Watch out 7-Eleven and CVS, Amazon is making an aggressive push into the convenience store industry.
The tech giant's brick-and-mortar concept Amazon Go already has three stores open with two in Seattle and one in Chicago, but the company has plans to roll out as many as 3,000 by 2020, according to "Bloomberg."
These stores are fueled strictly by technology. There are no human cashiers or even kiosks. Thanks to sensors and automation software, a customer can shop and checkout with minimal effort.
"Customers scan their Amazon accounts with their smartphones when walking in, and from there they can shop for sandwiches, salads, groceries, and household goods. Sensors and software that’s trained to analyze and perceive what items get removed from shelves are able to update your shopping cart in real time, while checkout happens automatically once you leave the store," writes "The Verge."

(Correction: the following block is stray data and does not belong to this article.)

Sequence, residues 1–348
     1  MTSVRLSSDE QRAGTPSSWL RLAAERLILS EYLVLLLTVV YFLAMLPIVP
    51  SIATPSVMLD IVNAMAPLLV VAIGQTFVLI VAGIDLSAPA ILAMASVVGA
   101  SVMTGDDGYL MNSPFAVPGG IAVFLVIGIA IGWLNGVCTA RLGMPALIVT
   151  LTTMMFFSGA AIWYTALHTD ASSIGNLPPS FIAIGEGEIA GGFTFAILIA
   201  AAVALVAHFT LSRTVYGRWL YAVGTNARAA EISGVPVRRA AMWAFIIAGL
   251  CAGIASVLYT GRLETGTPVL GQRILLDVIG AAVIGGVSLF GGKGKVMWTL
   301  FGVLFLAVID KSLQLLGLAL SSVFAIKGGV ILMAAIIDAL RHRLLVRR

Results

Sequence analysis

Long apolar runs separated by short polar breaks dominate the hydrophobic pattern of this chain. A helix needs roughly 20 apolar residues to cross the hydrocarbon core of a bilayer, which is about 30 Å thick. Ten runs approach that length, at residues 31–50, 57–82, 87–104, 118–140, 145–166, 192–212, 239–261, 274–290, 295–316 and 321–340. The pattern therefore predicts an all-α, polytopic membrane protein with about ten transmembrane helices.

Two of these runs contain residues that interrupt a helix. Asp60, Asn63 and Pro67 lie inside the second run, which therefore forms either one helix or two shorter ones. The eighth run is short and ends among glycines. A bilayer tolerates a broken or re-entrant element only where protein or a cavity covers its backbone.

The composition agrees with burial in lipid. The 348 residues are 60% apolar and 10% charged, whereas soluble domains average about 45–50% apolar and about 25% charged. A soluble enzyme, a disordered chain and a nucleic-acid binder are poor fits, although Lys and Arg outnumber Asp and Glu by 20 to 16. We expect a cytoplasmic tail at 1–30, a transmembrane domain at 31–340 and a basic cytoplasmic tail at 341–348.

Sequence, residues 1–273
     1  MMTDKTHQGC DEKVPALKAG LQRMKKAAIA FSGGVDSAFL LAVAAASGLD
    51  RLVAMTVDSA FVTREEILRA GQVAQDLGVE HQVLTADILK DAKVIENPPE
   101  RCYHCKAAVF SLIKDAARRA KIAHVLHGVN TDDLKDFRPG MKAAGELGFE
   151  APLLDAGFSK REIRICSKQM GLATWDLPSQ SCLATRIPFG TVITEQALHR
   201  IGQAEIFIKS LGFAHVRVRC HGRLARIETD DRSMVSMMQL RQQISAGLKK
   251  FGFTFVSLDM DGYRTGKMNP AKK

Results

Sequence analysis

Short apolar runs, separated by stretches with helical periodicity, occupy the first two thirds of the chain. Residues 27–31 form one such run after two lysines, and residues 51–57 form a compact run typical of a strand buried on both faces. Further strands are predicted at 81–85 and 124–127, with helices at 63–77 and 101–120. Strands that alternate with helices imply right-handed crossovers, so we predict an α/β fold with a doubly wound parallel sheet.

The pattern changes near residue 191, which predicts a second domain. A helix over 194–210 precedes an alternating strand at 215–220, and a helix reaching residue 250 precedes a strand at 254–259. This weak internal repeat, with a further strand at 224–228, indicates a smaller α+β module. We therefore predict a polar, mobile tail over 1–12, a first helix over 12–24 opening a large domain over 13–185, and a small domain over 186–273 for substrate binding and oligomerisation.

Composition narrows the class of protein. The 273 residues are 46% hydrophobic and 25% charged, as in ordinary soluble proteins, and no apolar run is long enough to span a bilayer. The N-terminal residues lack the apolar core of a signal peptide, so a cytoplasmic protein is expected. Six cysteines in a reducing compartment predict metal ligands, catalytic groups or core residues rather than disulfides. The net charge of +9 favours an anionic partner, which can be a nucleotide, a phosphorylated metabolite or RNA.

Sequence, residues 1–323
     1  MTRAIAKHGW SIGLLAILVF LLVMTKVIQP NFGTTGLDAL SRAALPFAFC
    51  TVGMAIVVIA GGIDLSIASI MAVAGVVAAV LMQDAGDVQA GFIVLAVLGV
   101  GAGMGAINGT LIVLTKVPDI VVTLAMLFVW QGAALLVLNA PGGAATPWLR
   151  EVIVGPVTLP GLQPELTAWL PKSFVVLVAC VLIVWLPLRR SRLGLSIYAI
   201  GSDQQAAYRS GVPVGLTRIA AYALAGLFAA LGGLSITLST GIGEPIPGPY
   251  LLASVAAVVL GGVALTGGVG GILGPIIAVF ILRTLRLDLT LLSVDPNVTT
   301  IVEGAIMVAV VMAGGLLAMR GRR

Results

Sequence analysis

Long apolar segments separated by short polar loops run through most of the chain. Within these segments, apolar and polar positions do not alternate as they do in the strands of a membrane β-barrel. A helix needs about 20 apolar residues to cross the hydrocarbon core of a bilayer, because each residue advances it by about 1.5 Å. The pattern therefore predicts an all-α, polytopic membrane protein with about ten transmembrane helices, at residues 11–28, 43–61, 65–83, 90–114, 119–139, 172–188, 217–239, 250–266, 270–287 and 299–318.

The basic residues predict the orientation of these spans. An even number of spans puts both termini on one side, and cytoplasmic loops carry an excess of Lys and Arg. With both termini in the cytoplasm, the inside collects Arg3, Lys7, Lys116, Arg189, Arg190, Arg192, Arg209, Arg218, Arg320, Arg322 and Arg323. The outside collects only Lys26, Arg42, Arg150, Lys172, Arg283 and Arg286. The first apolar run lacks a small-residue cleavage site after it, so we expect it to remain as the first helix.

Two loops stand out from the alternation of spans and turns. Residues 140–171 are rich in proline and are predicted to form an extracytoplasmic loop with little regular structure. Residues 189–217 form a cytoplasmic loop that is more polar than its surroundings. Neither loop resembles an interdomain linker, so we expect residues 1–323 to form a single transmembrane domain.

More Amazon Go stores will be open in San Francisco and Chicago this year. The company plans to open at least 10 stores by the end of 2018.
Amazon's CEO Jeff Bezos said the company is also planning to have different configurations of the stores too. Some will have more packaged meals, while others will have more grocery selections.
But packaged foods are proving to be easier for Amazon's sensors to track.
"If Amazon narrows the focus of some Go stores in its expansion to packaged meals for on-the-go consumers, it could increase the profit margins of each new location and help Amazon open locations faster, as packaged goods are easier to track with fewer sensors and cameras," writes "The Verge."
Should convenience stores and fast food restaurants be threatened by Amazon entering the on-the-go food space?
Stay tuned for a special episode of The Barron Report where Foodable Network's Founder Editor-in-Chief, and Executive Producer Paul Barron explains why the fast casual segment should be threatened too.
Also check out the video below to see our previous prediction on how Amazon’s Whole Foods acquisition would impact the restaurant foodservice industry.
Read more about the Amazon Go stores at "The Verge" now.